Wildcat of the Week: Lucas Beggs

Senior gets involved with local police departments

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Wildcat of the Week: Lucas Beggs

Senior Lucas Beggs poses next to a police patrol vehicle in Kansas City, Kansas.

Senior Lucas Beggs poses next to a police patrol vehicle in Kansas City, Kansas.

Wildcat Photo

Senior Lucas Beggs poses next to a police patrol vehicle in Kansas City, Kansas.

Wildcat Photo

Wildcat Photo

Senior Lucas Beggs poses next to a police patrol vehicle in Kansas City, Kansas.

Erin Pickert, Feature Editor

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While seniors at De Soto High School are busy finishing their high school careers, many are preparing for future careers behind the scenes. Senior Lucas Beggs has been busy with law enforcement departments around the area. 

Lucas expressed an interest in law enforcement my first year as an SRO [Student Resource Officer] at De Soto High School. We just had several conversations about it, and I recommended he attend the Youth Citizen’s Academy at the sheriff’s office,” former DHS SRO Jonathan Keys said. 

Beggs has been involved at the Johnson County Sheriff’s Office, Shawnee Police Department and the Kansas City, Kansas, Police Department.

“At the Johnson County Sheriff’s Office, I did their youth academy for two summers. At the Shawnee Mission Police Department, I did their Explorers Program. At the KCK Department, I will be starting an internship there on Oct. 10,” Beggs explained.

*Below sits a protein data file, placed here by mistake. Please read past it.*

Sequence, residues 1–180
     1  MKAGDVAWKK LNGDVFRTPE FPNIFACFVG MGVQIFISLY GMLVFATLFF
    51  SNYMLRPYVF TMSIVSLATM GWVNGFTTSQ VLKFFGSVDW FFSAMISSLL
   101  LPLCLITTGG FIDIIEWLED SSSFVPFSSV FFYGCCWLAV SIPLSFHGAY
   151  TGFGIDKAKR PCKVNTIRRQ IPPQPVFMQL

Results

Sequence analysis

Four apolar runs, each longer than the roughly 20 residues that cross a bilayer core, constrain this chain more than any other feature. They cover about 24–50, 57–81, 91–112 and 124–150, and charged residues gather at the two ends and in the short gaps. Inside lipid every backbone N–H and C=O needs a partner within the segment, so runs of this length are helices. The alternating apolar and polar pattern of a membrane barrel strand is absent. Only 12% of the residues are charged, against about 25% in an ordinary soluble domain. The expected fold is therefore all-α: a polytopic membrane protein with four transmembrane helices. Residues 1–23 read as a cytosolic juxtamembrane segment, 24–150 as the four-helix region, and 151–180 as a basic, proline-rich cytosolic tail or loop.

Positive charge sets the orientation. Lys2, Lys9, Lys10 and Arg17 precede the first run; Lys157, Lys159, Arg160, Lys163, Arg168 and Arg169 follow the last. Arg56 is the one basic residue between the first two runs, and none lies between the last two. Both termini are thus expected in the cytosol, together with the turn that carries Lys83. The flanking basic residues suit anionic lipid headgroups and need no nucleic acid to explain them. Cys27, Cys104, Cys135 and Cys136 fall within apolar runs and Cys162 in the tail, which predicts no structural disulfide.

After all the experience he has gained with the police departments, Beggs plans to continue the work after graduation from DHS.

“Right after I graduate, I’ll be going to Johnson County Sheriff’s Office, and I’ll probably be a CS (Civilian Specialist),” Beggs said. “I would be working in the jail, in the booking lounge and getting people booked into jail and such.”

According to Beggs, if he is still involved in the program once he is 21, he will be deputized and able to go on patrol.

A career in law enforcement requires a high level of integrity and someone that makes sound decisions in life,” Keys said. 

Beggs feels up to the challenge and is ready to pursue this life-long passion.

This has been a long-time goal for Beggs ever since he was young. 

“It has always interested me since I was a little kid. Not just because of flashing lights and loud sirens, but there’s something about being able to help somebody on their worst day and that is just an honor to be able to do,” Beggs said. 

There are many reasons that Beggs is passionate about the work he’s doing, but his favorite part is “being a person everyone goes to when everything is going wrong.”

The job, however, also comes along with hardships.

“I’d say the hardest part of being involved would probably be the mental aspect of it. You’re dealing with people’s worst days everyday for 12 hours a day,” Beggs said. 

Yet after the long hours of work and dedication, Beggs is looking forward to more of this demanding work in his near future. 

Keys is additionally excited about having more young people such as Beggs involved in the police force.

“Having young people interested in law enforcement is good for a variety of reasons. It helps reduce the negative perceptions people have toward law enforcement as a result of the media,” Keys explained. “It also serves to establish an open dialogue between the law enforcement community and the people they serve.”

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